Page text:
'Telomerator': New tool could help reshape the limits of synthetic biology
NYU Langone yeast geneticists report they have developed a novel tool—dubbed "the telomerator"—that could redefine the limits of synthetic biology and advance how successfully living things can be engineered or constructed in the laboratory based on an organism's genetic, chemical base-pair structure.
Synthetic biologists aim to use such "designer" microorganisms to produce novel medicines, nutrients, and biofuels.
In a report in the Proceedings of the National Academy of Sciences online Nov. 3, NYU Langone scientists say the telomerator should also improve study of yeast genetics, the model microorganism for human genetics, and help researchers determine how genes, as well as the chromosomes housing them, interact with each other.
The research team, led by Jef Boeke, PhD, a professor and director of NYU Langone's Institute for Systems Genetics, built the telomerator to convert circular chromosomes into linear ones. Boeke says this better resembles the natural structure of more complex organisms, including humans. Comprising about 1,500 chemical base pairs linked together, the man-made piece of telomerator code can be inserted as a single unit at any position on circular DNA and almost anywhere among a chromosome's other genes, whose base pairs can number into the hundreds of thousands.
"Our new telomerator resolves a serious and practical issue facing biologists everywhere by helping us experiment with synthetic genes in ways that are more realistic and more closely aligned to the biology of higher organisms, such as humans," says Boeke. "Until now, we've relied on synthesizing functional and stable yeast chromosomes in a circular format—with their telomeres cut off—so they can be uniformly reproduced for easy experimentation within bacteria, whose chromosomes are circular in shape," he says.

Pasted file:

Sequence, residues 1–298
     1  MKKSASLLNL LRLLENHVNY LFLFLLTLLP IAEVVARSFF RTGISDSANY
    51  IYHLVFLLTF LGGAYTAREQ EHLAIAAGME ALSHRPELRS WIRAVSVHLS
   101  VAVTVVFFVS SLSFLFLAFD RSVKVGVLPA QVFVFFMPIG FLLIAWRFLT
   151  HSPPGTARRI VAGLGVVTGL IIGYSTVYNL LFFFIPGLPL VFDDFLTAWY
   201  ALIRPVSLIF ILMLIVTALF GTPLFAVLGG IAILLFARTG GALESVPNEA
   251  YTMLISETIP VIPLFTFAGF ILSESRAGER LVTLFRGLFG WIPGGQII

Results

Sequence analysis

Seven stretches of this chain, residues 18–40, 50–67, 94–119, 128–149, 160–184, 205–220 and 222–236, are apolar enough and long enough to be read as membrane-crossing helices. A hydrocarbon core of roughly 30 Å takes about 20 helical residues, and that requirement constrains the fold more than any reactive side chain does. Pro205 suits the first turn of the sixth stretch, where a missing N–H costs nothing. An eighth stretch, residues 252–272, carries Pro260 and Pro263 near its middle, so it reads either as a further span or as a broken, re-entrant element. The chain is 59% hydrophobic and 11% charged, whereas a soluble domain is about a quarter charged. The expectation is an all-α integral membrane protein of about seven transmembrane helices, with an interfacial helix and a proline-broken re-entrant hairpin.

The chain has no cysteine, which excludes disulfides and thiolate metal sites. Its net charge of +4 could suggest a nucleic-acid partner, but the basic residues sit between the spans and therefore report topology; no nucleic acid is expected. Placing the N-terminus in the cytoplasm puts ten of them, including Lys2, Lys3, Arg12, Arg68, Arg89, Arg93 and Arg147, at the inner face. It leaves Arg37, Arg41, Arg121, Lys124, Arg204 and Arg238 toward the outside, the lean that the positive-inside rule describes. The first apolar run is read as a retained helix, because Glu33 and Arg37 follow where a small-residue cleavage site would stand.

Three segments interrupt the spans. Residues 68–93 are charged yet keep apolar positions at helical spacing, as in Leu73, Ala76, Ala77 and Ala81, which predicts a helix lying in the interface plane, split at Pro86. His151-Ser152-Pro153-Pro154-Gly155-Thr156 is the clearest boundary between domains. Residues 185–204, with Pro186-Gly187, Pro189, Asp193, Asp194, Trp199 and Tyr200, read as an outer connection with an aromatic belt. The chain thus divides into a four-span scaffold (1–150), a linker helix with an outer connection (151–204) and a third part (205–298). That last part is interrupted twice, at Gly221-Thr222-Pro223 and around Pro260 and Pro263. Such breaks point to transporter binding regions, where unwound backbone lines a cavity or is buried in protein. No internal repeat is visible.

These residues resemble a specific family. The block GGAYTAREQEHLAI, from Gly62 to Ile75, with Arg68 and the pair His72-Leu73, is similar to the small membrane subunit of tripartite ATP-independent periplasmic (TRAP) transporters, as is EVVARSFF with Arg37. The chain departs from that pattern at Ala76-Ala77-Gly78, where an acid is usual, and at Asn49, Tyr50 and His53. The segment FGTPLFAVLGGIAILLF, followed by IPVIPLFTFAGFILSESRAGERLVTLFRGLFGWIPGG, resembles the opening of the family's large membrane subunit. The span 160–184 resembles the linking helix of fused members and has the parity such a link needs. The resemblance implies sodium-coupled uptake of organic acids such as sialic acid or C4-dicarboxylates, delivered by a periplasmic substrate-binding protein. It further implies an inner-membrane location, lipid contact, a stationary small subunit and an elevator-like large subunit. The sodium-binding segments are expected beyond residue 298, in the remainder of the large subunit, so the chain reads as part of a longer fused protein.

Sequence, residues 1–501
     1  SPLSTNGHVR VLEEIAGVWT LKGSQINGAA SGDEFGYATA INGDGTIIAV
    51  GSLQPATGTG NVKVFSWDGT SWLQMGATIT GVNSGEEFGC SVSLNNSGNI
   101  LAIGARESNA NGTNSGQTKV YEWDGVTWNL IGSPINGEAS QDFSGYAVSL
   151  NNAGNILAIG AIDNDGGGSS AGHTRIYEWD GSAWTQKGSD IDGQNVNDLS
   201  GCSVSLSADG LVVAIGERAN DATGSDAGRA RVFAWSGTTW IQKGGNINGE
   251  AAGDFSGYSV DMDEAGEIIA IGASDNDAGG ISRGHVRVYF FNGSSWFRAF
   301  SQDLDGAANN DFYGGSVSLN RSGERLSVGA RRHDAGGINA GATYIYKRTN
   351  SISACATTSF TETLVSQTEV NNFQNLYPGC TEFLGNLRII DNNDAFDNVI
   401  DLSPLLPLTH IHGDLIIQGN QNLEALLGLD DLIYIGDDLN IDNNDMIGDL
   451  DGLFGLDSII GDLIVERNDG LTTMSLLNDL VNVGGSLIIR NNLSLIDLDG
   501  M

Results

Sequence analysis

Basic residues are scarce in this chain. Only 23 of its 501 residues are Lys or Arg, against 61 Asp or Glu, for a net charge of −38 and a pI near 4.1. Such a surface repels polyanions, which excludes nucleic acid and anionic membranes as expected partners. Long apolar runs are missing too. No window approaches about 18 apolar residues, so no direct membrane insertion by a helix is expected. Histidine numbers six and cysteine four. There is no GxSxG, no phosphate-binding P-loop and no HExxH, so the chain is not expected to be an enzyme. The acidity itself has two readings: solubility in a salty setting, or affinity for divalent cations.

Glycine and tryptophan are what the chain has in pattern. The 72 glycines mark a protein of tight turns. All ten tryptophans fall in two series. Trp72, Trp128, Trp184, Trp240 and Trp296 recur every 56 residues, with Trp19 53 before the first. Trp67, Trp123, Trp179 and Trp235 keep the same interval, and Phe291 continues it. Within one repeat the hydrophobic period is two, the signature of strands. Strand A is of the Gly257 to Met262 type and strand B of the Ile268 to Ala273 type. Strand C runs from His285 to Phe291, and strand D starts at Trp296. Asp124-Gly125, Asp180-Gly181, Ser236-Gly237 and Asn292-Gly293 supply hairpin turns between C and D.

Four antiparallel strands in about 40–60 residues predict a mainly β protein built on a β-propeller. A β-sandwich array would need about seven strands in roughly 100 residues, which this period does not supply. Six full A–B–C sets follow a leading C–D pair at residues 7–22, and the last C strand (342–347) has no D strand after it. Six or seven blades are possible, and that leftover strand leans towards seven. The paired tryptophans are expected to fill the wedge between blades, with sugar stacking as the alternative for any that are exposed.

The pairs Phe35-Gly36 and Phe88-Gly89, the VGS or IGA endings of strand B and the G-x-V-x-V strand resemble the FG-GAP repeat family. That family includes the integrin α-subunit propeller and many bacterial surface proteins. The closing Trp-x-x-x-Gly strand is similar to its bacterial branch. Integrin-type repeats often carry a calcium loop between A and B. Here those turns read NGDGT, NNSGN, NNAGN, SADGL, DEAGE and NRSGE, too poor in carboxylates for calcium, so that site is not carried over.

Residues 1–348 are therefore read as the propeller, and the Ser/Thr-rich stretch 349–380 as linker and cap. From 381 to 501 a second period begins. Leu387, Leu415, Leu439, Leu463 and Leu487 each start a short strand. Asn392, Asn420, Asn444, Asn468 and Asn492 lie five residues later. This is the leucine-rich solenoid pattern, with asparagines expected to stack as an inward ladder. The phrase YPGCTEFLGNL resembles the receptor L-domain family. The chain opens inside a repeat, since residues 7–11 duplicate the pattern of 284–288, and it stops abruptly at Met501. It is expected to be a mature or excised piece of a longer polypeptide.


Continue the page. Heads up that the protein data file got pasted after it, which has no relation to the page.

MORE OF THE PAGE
What makes the telomerator particularly effective, researchers say, is its precise capacity to add buffering chromosome endings, or telomeres, to newly linearized yeast chromosomes.
Moreover, the telomerator, which took Boeke and lead study investigator Leslie Mitchell, PhD, two years to construct and test, allows researchers to study how a gene's position or placement on a chromosome affects the gene's function.
The key components of the telomerator are its telomere seed sequences, which are exposed when the telomerator "cassette"—its packaged components—is activated.
To test the device, Mitchell inserted a telomerator cassette at 54 different locations on a circular synthetic yeast chromosome of about 90,000 base pairs and tested whether the chromosome could be segmented and straightened at each position. Researchers compared the process to a clock dial, in which they could insert the telomerator at any "hour" on the clock face to break the circle and yield 12 different timelines, but all of equal length. Colonies grew for 51 of the linear yeast chromosomes, failing only in chromosomes where essential genes were placed too close to the telomere ends.
Additional testing confirmed that the modified yeast chromosomes were in a linear format and of the precise length predicted by researchers.
Boeke's research is part of an international effort to manufacture all the yeast chromosomes, threadlike structures that carry genes in the nucleus of all plant and animal cells, and move genetic research one step closer to constructing the organism's entire functioning genome. Earlier this year, Boeke's team reported building the first of the 16 yeast chromosomes, which they call synIII, and successfully incorporating it into brewer's yeast, known scientifically as Saccharomyces cerevisiae.